The Agency of Letters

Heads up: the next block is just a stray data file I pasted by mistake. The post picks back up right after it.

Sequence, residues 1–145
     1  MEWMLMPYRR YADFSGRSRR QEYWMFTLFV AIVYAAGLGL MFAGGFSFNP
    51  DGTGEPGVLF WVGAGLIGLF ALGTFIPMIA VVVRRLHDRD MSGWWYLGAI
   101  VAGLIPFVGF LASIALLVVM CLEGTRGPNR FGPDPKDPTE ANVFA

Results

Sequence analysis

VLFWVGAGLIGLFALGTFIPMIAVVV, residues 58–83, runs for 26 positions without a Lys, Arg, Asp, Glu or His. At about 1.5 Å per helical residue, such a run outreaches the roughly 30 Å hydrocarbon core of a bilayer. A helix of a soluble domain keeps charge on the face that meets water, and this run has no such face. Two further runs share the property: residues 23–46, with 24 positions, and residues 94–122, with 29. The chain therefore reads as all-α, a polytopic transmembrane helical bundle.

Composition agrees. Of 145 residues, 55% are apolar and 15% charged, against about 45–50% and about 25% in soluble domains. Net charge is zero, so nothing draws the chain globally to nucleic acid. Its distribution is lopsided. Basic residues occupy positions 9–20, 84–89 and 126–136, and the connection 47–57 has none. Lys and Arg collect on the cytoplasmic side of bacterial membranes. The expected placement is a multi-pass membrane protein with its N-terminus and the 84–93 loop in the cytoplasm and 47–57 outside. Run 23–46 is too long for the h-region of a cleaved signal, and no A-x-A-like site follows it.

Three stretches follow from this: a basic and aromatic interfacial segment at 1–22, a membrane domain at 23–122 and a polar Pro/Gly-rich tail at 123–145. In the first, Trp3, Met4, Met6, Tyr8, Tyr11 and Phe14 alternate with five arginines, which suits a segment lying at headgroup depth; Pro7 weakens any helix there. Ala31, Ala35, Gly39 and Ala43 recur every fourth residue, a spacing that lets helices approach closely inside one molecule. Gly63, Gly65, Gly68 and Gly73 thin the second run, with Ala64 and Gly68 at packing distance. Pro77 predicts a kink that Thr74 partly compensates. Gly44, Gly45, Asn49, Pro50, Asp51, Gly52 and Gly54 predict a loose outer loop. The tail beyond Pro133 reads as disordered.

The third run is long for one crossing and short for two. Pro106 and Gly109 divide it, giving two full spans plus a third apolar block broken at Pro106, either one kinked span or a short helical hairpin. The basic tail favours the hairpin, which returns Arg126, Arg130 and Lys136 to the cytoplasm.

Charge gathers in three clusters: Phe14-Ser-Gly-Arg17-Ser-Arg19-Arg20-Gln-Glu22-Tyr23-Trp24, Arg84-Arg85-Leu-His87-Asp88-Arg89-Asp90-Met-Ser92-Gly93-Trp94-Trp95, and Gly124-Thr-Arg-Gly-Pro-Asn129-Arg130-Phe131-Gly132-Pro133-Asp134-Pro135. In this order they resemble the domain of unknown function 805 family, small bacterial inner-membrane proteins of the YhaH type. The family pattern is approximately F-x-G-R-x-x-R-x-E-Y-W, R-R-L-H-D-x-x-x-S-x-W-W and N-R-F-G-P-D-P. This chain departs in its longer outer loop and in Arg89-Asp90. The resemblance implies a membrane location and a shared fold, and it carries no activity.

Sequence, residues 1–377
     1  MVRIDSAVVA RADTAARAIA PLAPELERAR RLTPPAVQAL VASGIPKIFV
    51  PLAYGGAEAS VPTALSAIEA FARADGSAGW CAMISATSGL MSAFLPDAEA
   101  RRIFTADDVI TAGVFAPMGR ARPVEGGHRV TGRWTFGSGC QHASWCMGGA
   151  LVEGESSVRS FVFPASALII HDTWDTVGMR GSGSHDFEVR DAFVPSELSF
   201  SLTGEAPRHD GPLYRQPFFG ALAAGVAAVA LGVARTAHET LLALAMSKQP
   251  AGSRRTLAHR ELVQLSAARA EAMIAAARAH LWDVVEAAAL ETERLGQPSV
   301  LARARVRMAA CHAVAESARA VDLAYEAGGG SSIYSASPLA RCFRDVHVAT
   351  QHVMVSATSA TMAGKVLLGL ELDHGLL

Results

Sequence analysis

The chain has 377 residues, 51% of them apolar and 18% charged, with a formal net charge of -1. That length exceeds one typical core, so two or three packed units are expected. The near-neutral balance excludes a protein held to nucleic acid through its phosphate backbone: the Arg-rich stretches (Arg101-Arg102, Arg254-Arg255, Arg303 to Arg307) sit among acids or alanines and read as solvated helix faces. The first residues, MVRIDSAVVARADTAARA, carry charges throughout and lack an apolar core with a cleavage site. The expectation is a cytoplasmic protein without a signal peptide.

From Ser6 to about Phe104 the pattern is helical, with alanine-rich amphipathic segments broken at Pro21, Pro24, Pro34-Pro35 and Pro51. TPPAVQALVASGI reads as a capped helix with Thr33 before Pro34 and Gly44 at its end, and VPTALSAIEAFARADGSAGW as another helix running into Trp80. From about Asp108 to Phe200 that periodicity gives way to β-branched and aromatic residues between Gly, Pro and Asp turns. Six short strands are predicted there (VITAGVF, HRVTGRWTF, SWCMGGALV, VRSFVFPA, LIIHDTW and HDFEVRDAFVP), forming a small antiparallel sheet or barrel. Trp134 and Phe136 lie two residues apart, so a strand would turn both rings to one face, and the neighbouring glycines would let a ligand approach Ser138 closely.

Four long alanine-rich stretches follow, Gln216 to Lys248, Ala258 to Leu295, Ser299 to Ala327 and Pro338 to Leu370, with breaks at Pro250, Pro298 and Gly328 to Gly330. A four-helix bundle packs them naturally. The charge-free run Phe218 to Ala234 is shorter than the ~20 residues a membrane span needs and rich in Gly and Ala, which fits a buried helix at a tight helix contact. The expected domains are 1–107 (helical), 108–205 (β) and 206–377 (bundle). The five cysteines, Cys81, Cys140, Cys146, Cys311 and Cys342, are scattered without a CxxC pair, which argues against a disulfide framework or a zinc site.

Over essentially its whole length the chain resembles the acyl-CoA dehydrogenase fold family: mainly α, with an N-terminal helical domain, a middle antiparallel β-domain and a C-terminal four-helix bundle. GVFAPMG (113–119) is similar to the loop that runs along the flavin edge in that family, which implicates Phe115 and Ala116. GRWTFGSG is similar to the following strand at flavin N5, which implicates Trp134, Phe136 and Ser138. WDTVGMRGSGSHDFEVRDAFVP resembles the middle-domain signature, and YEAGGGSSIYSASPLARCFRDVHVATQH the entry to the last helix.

In their 1913 manifesto ‘The Letter as Such’, the Russian futurist poets Alexander Kruchonykh and Velemir Khlebnikov deride those who have failed to understand that letters are not just linguistic signs but also expressive forms. For them, to habitually use the same old fonts, to impose them uniformly on entire texts, and to overlook the possibilities of creative handwriting entirely without regard to the specific context in which letters are being written, by whom and to whom, is to unwittingly and unnecessarily allow language to become a prison-house. ‘You’ve seen the letters of their words,’ they write, ‘strung out in straight lines with shaved heads, resentful, each one just like the others,’ hardly letters at all, just ‘stamped out marks.’ We must, Kruchonykh and Khlebnikov exhort, stop treating language as if it were simply a transparent medium for the communication of meaning. Writing – handwriting in particular – is a more directly mimetic form. Letters are like bodies; writing, like dance, can function as a kind of bodily mechanism for the mimetic expression of emotions. ‘Our mood,’ they continue, ‘alters our handwriting as we write’, and this mood is conveyed to the reader ‘independently of the words’.